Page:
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Caesarean sections have an impact on evolution - surprising conclusions from scientists

Caesarean sections have an impact on evolution - surprising conclusions from scientists


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The number of deliveries performed by Caesarean section is increasing every year. According to the Institute of Mother and Child, in 1999 20% of children were born via Caesarean section. Today currently, 40% of pregnancies end by caesarean section (The World Health Organization has been calling for years that this figure should be much lower and a maximum of 15%). This fact, according to an intriguing study conducted in Australia, is to have an impact on changing the course of human evolution. The growing number of emperors is to change our genes ... And according to scientists, this is very bad news. Why?

Too many emperors

Before the era of widespread Caesarean section, mothers with so-called narrow hips giving birth to large-headed babies had no chance of a happy delivery final. Most died during childbirth, which from an evolutionary point prevented the transfer of their genes to subsequent generations.

Due to the spread of Caesarean sections, the delivery of larger children became possible. The feminine build is also no longer a problem. And that's very good. On the other hand, however, this has different consequences, scientists believe from year to year the number of cases preventing natural delivery is increasing, not only because women cannot give birth naturally. But also because often the decision about the emperor is made "exaggerated". The results of the study were published in the 'Proceedings of the National Academy of Sciences (PNAS)' here.

The view of "too big heads" of children hindering childbirth by force of nature arouses quite a controversy. Proponents of childbirth without medical intervention warn that this is a myth. They explain that the human body is able to adapt to various, even extreme conditions. In addition, the baby's head also remains "plastic", so that it can squeeze through the birth canal. The authors of the research, however, suppress optimism. They add that this only happens up to a point.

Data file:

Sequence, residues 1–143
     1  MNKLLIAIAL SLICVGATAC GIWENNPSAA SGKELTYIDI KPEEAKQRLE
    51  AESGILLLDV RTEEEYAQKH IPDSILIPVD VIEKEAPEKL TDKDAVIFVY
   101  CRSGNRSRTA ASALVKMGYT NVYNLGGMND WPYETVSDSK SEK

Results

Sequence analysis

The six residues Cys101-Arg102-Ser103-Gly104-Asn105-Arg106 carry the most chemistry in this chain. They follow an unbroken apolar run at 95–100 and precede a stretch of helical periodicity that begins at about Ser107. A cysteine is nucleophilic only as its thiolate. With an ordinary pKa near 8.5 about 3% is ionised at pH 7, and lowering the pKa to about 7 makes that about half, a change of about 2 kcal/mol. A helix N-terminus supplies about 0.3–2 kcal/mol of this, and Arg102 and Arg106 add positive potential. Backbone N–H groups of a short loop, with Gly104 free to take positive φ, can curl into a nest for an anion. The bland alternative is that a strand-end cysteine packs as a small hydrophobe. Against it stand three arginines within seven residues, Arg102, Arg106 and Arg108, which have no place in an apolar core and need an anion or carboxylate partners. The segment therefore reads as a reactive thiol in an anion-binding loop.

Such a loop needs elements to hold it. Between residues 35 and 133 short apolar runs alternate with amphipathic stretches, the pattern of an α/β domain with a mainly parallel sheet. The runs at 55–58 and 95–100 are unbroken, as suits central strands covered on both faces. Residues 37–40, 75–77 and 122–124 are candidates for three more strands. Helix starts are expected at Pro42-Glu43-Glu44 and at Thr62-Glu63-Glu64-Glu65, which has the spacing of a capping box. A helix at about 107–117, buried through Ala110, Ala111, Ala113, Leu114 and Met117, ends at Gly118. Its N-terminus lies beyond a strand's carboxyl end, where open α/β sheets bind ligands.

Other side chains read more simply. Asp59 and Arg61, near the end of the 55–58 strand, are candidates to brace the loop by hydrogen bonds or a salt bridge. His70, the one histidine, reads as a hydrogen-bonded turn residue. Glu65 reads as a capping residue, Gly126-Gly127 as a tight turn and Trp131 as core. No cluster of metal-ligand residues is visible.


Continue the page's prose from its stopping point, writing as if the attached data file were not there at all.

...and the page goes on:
Talks have been going on for years the dynamically growing number of cesarean sections. Scientists call for prudence. In America, the growing number of cesarean sections (currently at 30%) is considered to be "One of the main public health problems". Overseas guidelines are being created to "protect" women and children from Caesarean section for non-medical reasons. There is a lot of talk about the emperor's not as good as is commonly claimed. Similarly in Poland. Officials of the Ministry of Health argue that it is necessary to limit the number of treatments, because the tendency to make cuts on request is bad.

Doctors emphasize that delivery by caesarean section should only take place for clear medical indications. They warn that if nothing changes, we will be evolutionarily getting worse prepared for natural births.

Sources:

//www.huffingtonpost.com/entry/the-rise-in-c-sections-could-be-changing-human-evolution_us_584b13d3e4b0bd9c3dfcd215?

//www.pnas.org/content/early/2016/11/29/1612410113.full

//www.vox.com/science-and-health/2016/12/7/13855350/c-section-evolution

//www.acog.org/Resources-And-Publications/Obstetric-Care-Consensus-Series/Safe-Prevention-of-the-Primary-Cesarean-Delivery